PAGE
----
I men­tioned in pass­ing last week that the next major release of Perl, v5.36, is set to enable warnings by default for code that opts in to use v5.35; or above. Commemorating Perl’s 34th birth­day the week before that, I not­ed that the warn­ings sys­tem has been get­ting ever finer-​grained since its intro­duc­tion in 2000. And fel­low Perl blog­ger and CPAN author Tom Wyant has been cat­a­loging his favorites over the past sev­er­al months — the lat­est as of this writ­ing was on the ambigu­ous” cat­e­go­ry of warn­ings, and you can find links to pre­vi­ous entries in his series at the bot­tom of that post.

It occurred to me after­ward that there may be some con­fu­sion between the warnings prag­ma and the relat­ed warn func­tion for report­ing arbi­trary run­time errors. warn out­puts its argu­ments to the stan­dard error (STDERR) stream, or if it’s not giv­en any then you get a string with any excep­tion from [email protected] ($EVAL_ERROR under use English) fol­lowed by a tab and then “...caught at <file> line x.” If that’s emp­ty too, a plain warn just says, Warning: something's wrong at <file> line x.”, which isn’t exact­ly help­ful, but then again you didn’t give it much to go on.

warn out­put doesn’t have to go to STDERR, and this is where the rela­tion to the warn­ings prag­ma comes in because both are gov­erned by the __WARN__ sig­nal han­dler in the %SIG hash. Normally, you might opt to only dis­play run­time warn­ings if a debug­ging flag is set, like so:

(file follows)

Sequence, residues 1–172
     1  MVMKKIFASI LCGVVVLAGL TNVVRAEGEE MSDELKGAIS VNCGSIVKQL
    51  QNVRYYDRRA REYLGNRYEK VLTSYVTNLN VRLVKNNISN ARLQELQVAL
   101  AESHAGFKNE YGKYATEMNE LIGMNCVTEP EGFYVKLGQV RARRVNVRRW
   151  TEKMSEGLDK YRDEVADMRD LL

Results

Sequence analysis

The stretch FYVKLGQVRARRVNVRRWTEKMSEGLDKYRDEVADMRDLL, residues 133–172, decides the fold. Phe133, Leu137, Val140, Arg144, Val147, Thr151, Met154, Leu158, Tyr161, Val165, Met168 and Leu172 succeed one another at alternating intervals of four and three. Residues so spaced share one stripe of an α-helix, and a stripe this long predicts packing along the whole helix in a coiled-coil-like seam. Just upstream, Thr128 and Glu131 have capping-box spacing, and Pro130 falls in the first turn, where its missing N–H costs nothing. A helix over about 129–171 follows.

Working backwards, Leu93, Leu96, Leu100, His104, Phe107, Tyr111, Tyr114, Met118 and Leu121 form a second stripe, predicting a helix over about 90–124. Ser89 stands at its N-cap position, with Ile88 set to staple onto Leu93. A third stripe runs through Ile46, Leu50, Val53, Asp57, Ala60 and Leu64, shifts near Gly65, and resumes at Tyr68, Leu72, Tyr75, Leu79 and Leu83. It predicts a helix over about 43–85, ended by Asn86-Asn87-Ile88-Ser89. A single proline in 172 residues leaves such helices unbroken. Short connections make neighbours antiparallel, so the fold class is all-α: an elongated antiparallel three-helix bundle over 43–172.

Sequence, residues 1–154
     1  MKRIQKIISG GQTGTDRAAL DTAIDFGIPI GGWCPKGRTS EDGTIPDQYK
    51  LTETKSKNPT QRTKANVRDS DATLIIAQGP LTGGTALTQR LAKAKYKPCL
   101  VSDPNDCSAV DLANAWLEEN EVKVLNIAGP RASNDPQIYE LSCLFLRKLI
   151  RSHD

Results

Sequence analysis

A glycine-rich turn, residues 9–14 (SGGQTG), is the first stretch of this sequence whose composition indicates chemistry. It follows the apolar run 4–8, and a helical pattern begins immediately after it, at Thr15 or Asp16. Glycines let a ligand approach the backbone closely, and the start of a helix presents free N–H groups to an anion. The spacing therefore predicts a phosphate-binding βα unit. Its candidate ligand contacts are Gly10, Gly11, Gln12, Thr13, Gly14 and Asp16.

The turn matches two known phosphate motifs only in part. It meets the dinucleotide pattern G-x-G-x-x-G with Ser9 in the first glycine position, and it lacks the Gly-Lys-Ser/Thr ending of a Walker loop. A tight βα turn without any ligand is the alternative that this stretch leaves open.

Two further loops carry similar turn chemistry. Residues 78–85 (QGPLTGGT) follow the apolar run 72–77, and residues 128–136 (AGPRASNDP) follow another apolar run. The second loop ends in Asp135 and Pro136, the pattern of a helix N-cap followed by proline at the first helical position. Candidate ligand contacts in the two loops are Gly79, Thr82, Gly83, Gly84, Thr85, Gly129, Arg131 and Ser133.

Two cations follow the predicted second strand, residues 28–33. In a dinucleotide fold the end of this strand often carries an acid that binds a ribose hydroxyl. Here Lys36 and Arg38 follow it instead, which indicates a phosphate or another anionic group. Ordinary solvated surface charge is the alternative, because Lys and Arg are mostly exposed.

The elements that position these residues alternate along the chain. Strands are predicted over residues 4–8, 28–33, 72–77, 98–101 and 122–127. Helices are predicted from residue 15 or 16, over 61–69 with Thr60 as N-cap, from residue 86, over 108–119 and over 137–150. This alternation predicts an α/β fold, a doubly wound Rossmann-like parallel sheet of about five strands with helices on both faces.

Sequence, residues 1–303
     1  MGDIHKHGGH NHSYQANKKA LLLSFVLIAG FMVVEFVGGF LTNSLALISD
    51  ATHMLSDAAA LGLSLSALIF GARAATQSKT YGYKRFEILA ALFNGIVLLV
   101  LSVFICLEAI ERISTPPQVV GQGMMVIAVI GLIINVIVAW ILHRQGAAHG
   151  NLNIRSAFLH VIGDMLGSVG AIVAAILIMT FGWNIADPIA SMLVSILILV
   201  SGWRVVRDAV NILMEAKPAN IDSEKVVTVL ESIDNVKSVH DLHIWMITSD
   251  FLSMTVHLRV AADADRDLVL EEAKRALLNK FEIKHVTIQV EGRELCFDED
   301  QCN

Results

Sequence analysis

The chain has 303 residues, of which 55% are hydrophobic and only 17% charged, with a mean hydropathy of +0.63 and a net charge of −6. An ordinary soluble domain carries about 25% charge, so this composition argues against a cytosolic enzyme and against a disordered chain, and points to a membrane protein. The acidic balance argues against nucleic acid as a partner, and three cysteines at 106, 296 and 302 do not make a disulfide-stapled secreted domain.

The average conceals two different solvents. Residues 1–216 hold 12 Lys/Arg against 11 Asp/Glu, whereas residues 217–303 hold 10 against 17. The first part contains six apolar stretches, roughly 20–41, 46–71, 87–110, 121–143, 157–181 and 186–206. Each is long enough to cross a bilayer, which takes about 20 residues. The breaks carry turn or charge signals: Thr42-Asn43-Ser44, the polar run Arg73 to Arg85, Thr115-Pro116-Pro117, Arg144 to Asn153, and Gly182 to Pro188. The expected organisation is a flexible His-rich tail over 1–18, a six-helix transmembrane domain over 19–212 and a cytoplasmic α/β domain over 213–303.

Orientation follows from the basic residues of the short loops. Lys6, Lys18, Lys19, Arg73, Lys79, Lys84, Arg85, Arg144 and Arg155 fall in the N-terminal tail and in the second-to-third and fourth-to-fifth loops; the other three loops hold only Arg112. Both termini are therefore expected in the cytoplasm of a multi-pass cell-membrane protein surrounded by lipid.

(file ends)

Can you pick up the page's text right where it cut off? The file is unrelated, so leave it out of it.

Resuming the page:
#!/usr/bin/env perl

use strict;
use warnings;

my $DEBUG = 0;
$SIG{__WARN__} = sub { warn @_ if $DEBUG };
warn 'shhh'; # silenced

$DEBUG = 1;
warn 'hello warnings';

But if you set that sig­nal han­dler in a BEGIN block, it catch­es compile-​time warn­ings too, in which case flip­ping a flag after the fact has no effect — the compiler’s already run:

#!/usr/bin/env perl

use strict;
use warnings;

my $DEBUG = 0;
BEGIN { $SIG{__WARN__} = sub { warn @_ if $DEBUG } }
my $foo = 'hello';
my $foo = 'world'; # no warning issued here

$DEBUG = 1;
my $foo = 'howdy'; # still nothing

By the way, both __WARN__ and __DIE__ hooks are also used by the Carp mod­ule and its friends, so you can use the same tech­nique with their enhanced output:

#!/usr/bin/env perl

use strict;
use warnings;
use Carp qw(carp cluck);

my $DEBUG = 0;
BEGIN { $SIG{__WARN__} = sub { warn @_ if $DEBUG } }
carp 'quiet fish';

$DEBUG = 1;
loud_chicken();

sub loud_chicken {
    cluck 'here comes a stack trace';
}

You could use these as step­ping stones towards a debug log for larg­er appli­ca­tions, but at that point, I’d sug­gest look­ing into one of the log­ging mod­ules on CPAN like Log::Log4perl (not to be con­fused with that lately-​problematic Java library), Log::Dispatch (which can be wired into Log4perl), or some­thing else to suit your needs.

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